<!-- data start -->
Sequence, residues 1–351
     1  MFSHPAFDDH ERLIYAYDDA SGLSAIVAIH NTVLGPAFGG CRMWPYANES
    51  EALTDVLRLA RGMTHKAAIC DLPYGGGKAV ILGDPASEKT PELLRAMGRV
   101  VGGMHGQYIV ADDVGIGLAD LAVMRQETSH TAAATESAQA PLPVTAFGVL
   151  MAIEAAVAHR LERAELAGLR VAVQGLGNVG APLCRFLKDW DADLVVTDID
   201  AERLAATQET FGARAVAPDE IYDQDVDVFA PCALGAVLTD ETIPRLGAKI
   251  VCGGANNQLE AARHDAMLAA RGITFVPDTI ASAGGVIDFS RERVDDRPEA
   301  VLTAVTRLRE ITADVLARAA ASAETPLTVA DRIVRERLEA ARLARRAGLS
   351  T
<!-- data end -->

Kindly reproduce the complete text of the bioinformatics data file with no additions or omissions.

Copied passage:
Sequence, residues 1–351
     1  MFSHPAFDDH ERLIYAYDDA SGLSAIVAIH NTVLGPAFGG CRMWPYANES
    51  EALTDVLRLA RGMTHKAAIC DLPYGGGKAV ILGDPASEKT PELLRAMGRV
   101  VGGMHGQYIV ADDVGIGLAD LAVMRQETSH TAAATESAQA PLPVTAFGVL
   151  MAIEAAVAHR LERAELAGLR VAVQGLGNVG APLCRFLKDW DADLVVTDID
   201  AERLAATQET FGARAVAPDE IYDQDVDVFA PCALGAVLTD ETIPRLGAKI
   251  VCGGANNQLE AARHDAMLAA RGITFVPDTI ASAGGVIDFS RERVDDRPEA
   301  VLTAVTRLRE ITADVLARAA ASAETPLTVA DRIVRERLEA ARLARRAGLS
   351  T